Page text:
A scar is a permanent patch of skin that grows over a wound. It forms when the body heals itself after a cut, scrape, burn, ore sore. Scars also appear after surgery that cuts through the skin, infections such as chicken pox, or skin conditions like acne. Scars may be depressed (atrophic) or raised (hypertrophic and keloids.)
A total of 100 million patients develop scars in the developed world alone each year as a result of 55 million elective operations and 25 million operations after trauma.
Atrophic: Atrophic scars may be flat and pale. Some atrophic scars can have a sunken or pitted appearance. This kind of scarring occurs when underlying structures supporting the skin (for example, fat or muscle) are lost. Some surgical scars have this appearance, as do some scars from acne. Some atrophic scars also can appear as stretched skin. Such scars result when the skin stretches rapidly (for example, as in growth spurts or during pregnancy). In addition, this type of scar can occur when the skin is under tension (near a joint, for example) during the healing process.
Hypertrophic Scars. Hypertrophic scars are thick, red, and raised, however, unlike keloids the scar remains within the boundaries of the original incision or wound.
Keloid. Keloids are thick, protrusive mounds of scar tissue and are often red or darker in color than the surrounding skin. See table 1 for differences between hypertrophic scars and keloids.
Contractures. Burns or other major injuries may form a scar that pulls the edges of the skin together, a process called contraction. The resulting contracture may affect the adjacent muscles and tendons, restricting normal movement.
Atrophic Scars: There is no topical treatment that can prevent or remove atrophic scars. Retinoic acid
Hypertrophic scars and Keloids: The best treatment to prevent the formation and to reduce some signs and symptoms associates to this type of scars is 100% topical silicone. It comes in gel or spray. The most effective is the one that dries itself in seconds, allowing the use of other cosmetics like sunscreens, moisturizers and make-up, on top of it.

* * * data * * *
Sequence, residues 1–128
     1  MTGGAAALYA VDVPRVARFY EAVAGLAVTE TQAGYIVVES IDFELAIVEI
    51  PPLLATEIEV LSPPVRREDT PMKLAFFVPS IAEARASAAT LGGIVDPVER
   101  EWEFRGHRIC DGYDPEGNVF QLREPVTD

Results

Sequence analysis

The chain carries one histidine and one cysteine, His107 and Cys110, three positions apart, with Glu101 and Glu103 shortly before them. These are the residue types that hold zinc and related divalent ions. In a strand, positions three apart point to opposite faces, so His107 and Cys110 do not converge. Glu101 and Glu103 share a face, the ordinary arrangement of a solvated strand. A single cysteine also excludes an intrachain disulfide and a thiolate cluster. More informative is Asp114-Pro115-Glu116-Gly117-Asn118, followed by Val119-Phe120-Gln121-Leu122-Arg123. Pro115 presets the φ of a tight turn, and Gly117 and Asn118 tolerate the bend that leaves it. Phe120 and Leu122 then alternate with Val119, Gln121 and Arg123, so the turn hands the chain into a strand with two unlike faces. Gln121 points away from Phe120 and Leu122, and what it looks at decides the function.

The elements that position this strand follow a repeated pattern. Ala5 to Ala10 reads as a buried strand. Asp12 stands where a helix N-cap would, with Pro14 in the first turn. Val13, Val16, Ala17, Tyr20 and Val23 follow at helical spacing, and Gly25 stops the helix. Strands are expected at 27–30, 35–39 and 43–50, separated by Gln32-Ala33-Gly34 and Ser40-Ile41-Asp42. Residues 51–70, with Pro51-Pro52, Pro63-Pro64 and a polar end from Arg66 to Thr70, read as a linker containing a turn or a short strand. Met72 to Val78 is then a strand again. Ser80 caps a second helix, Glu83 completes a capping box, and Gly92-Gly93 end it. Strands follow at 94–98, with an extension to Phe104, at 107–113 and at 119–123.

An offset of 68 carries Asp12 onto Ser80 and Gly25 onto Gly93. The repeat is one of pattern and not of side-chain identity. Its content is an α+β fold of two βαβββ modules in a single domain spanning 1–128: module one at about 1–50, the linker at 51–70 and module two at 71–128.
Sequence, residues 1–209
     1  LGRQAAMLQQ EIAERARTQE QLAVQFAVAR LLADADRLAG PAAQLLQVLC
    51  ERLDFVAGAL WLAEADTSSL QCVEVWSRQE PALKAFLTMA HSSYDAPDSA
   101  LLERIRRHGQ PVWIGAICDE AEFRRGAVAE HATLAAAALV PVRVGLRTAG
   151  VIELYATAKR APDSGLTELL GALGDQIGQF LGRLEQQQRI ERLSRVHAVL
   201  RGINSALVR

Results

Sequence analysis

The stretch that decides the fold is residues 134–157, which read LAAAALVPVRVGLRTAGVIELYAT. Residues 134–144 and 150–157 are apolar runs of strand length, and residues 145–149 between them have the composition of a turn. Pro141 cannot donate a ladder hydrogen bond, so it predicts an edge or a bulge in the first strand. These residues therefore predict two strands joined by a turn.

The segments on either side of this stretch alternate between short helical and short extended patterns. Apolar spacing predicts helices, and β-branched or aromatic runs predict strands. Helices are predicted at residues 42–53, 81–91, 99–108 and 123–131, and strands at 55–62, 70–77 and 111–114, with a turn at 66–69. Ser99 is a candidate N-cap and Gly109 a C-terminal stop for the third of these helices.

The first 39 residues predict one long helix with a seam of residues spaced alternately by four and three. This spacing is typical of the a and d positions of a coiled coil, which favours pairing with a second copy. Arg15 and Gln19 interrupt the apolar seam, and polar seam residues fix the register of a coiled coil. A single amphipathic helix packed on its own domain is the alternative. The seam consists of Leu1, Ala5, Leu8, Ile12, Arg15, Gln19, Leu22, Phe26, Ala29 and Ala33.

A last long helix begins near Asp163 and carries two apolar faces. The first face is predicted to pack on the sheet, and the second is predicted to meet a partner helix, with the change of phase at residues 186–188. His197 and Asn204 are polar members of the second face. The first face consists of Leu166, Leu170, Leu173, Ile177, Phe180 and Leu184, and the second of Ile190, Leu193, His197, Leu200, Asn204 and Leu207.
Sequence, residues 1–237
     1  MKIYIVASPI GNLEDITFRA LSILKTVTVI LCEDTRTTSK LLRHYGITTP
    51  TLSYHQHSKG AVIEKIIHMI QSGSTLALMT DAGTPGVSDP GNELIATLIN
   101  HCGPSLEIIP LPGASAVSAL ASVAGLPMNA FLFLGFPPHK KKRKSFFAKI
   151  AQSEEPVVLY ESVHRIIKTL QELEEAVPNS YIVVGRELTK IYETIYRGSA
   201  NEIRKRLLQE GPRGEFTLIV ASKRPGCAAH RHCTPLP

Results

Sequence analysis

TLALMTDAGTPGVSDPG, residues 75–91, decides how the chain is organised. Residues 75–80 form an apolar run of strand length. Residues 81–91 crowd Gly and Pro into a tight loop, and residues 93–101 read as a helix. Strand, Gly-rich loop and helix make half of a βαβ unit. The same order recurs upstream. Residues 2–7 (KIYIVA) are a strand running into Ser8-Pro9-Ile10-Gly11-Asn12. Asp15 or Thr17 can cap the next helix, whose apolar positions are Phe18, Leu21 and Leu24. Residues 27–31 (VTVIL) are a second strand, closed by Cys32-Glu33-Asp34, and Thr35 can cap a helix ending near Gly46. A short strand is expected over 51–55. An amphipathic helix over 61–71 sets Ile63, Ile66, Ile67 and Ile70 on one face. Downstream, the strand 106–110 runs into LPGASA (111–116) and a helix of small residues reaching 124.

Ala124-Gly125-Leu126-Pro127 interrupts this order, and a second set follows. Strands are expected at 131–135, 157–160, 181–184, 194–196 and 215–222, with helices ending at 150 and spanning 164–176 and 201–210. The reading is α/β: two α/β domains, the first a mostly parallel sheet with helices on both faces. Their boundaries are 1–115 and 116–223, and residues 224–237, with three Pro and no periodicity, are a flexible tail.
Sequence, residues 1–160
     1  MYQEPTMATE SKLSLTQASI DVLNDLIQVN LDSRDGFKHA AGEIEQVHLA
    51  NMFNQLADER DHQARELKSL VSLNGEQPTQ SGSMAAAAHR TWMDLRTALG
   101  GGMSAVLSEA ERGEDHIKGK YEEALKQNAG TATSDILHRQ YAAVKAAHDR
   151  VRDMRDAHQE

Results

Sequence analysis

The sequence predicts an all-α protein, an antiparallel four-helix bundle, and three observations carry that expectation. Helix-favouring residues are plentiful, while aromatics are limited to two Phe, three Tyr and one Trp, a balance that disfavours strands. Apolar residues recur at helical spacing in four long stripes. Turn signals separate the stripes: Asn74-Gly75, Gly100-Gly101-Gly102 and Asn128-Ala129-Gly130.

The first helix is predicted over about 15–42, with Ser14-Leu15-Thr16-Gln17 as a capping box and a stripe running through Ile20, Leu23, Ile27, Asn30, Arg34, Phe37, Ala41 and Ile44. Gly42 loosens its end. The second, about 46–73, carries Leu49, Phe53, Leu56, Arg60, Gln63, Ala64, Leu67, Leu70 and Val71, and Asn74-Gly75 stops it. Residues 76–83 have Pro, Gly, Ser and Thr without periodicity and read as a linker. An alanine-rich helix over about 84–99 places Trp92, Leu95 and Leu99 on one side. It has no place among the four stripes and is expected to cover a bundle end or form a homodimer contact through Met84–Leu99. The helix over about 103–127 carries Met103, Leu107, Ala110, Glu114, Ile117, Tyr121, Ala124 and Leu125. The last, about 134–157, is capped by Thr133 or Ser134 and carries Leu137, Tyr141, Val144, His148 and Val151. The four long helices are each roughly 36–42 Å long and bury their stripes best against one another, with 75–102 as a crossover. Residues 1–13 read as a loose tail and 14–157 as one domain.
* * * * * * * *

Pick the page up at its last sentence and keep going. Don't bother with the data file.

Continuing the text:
Atrophic scars: These lesions can be treated with a procedure called microneedling and some types of laser to stimulate collagen. A procedure called subcision is used to remove the fibrous tissue of scars attached to deeper tissues. Sometimes derma fillers can be used to fill in depressed scars. The best results are obtained with the combination of procedures.
Hypertrophic scars and Keloids: Intralesional corticosteroids and cryotherapy with liquid nitrogen are the most common for the treatment of this type of scars. Some other procedures including scar revision, radiotherapy, intralesional 5-fluoruracilo, lasers have been used with variable results.
Photos should be in .jpg format, and up to 2MB in size. In general, higher resolution leads to a better analysis.
Good lighting is important! We recommend taking your photo indoors in a well lit space. Try to avoid lighting which creates shadows in the photo. Also, try to be consistent; take your photos in the same place with the same lighting each time.
It's important that after cropping your condition is well represented in the photo. Please try to zoom in as much as possible. For a long scar, it's better to zoom in on one part of the scar than to try to fit the whole scar in the frame.
You can upload as often as you would like. There are no set guidelines for the frequency of uploading new photos. Just remember that it may take several weeks or longer to see results.
Your scar is scored on 3 dimensions: redness, pigmentation, and elevation. Each of these dimensions has an index score ranging from 0 to 100, with 0 indicating least severe and 100 indicating most severe.
The index scores were created as an easy-to-use scale to help quantify your scar. It helps make it easy for you to track whether your scores are improving, and by how much.
This index scores should not be used in place of direction by your physician or healthcare provider.
You could easily be right! Accurate results require accurate photos. Please be sure to closely follow the instructions in the FAQ section titled taking good photos.